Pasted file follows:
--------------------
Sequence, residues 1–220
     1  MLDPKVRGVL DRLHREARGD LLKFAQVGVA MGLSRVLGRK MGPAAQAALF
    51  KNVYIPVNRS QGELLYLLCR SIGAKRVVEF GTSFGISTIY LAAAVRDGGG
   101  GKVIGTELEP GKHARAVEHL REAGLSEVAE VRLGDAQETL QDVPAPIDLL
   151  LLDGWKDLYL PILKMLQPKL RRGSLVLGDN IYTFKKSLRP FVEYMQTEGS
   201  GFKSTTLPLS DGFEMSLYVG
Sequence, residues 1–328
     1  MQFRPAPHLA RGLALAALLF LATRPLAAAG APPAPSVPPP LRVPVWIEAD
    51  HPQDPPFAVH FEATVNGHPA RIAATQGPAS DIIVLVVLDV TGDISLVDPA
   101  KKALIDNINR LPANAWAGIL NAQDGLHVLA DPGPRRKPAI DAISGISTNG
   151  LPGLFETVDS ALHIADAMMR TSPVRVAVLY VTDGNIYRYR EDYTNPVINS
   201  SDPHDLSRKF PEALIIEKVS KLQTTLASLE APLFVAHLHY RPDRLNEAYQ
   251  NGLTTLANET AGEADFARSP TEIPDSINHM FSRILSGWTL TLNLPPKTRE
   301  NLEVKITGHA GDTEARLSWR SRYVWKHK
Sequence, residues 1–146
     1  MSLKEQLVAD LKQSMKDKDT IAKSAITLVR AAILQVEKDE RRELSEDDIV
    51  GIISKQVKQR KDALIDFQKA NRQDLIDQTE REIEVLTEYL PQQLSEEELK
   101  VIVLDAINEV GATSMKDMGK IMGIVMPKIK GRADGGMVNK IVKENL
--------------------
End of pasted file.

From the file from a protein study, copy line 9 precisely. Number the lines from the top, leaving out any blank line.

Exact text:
    51  HPQDPPFAVH FEATVNGHPA RIAATQGPAS DIIVLVVLDV TGDISLVDPA